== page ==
3. Look at the returns.
In addition to gauging the viability of the idea, and the startup, it’s important to look at the projected return on investment. Angel investors typically look for opportunities that can return 10 times their initial investment within five years. Look for an option that holds significant potential to make the investment worth your time and effort.
4. Help dominate in a niche-area.
It’s ideal to stick to investments within your niche as you already have a considerable advantage given your experience in that field and your ability to better gauge the likelihood of the investment’s success. You’ll also be able to contribute valuable guidance, and insight to the startup, since you will have been there yourself. I'm primarily interested in investing in young entrepreneurs. It’s an area I have personal experience in and is something that I’m passionate about.
One of the main rules when investing: try not to put all of your eggs in one basket. It’s better to spread things out to help reduce risk and maximize returns. Investing in a handful of different startups will often provide the best returns for an angel investor. Out of 10 investments, there’s a good chance that one or two companies will be responsible for 100 percent of your returns. So choose wisely, and try to diversify.
6. Do your homework.
The founder’s goal is to get you excited about the company, but don’t be blindsided by pure enthusiasm. While it may sound counterintuitive, it’s important to always be skeptical. This means taking the time to do some digging on your own. Make sure you conduct your own independent research to confirm the validity of the investment. Instead of basing everything on the founder’s pitch, search out the facts yourself.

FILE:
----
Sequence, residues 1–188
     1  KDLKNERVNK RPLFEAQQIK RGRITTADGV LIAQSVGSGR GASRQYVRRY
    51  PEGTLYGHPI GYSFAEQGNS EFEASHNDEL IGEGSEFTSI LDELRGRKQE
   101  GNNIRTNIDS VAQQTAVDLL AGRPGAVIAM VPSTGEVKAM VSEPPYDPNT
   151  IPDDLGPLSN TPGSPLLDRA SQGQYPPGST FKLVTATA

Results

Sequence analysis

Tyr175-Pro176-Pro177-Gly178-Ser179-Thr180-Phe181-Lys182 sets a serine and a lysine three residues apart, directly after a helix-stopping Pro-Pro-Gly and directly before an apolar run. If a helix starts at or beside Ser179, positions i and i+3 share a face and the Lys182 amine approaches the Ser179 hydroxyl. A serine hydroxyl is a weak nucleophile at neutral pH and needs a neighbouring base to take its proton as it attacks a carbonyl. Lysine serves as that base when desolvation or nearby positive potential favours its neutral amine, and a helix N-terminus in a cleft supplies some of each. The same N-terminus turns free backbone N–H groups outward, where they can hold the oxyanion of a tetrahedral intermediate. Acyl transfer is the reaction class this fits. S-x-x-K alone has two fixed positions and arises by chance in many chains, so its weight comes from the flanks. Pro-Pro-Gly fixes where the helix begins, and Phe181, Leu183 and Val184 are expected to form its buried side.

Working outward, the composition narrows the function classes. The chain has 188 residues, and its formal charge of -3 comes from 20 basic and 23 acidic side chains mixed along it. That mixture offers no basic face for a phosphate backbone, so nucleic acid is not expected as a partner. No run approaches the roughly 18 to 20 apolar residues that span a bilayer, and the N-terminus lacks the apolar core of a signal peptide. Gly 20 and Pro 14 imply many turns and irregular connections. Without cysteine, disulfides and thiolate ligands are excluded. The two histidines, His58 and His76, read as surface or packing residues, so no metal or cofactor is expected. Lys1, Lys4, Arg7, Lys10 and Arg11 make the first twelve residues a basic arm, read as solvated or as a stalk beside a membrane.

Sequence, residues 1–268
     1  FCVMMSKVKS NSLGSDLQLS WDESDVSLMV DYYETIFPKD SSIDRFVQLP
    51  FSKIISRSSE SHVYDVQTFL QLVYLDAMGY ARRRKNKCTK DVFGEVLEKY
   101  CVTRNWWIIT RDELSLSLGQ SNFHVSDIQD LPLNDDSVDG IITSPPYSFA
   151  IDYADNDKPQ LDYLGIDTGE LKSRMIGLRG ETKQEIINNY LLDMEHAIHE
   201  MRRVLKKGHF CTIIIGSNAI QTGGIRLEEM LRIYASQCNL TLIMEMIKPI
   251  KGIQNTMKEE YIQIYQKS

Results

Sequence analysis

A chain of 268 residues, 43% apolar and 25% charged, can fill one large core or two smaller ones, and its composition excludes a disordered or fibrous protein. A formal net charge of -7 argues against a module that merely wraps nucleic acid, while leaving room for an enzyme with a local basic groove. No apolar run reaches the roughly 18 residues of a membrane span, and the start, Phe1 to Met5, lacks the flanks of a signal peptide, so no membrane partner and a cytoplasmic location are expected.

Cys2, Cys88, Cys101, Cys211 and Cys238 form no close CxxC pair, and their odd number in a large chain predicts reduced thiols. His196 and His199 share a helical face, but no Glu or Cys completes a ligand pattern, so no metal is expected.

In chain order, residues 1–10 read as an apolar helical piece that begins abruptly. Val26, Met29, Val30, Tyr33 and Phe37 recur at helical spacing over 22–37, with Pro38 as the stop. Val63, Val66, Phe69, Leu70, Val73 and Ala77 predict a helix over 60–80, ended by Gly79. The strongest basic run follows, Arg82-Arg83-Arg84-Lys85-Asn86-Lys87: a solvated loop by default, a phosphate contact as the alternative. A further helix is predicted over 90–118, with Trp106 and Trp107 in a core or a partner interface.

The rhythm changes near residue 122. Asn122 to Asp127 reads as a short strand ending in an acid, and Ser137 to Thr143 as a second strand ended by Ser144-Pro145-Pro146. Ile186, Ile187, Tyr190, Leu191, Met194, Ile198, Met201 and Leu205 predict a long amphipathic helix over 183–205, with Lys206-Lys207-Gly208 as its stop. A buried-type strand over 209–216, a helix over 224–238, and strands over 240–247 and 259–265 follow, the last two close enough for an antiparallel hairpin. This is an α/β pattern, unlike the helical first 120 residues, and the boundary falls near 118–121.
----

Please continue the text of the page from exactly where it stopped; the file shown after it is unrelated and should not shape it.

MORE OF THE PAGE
According to a study of angel investment returns, which analyzed results from 86 organized angel investor groups throughout the U.S., angels achieved an average 27 percent internal rate of return on their investments.
Investing in startups, while high-risk, can also offer tremendous rewards and is a great opportunity if you prefer hands-on investing rather than taking a backseat approach. For entrepreneurs especially, who have relevant knowledge on new markets and firsthand experience with running startups, angel investing can be an especially rewarding opportunity. By choosing your startup carefully, and making contributions through mentoring or by taking an advisory role, the chance of your investment generating significant returns will be even higher.
One of the best things about angel investing is that it gives you a chance to interact with the startup founders, allowing you to directly influence the success of your investment. That’s something that you just don’t have when dealing with many traditional investments.
Give a small business a leg up, and help boost the economy, while generating returns on your investment. Are you ready to get involved?
What do you think? Are angel investors the future of startup financing? Share your thoughts in the comments section below.
Brenton Hayden is the founder and chairman of the board of Renters Warehouse. A Harvard Business School and MIT Sloan School of Business graduate, Hayden leads a team of over 140 employees and franchises in 21 states with a portfolio of managed properties valued at just under $1 billion.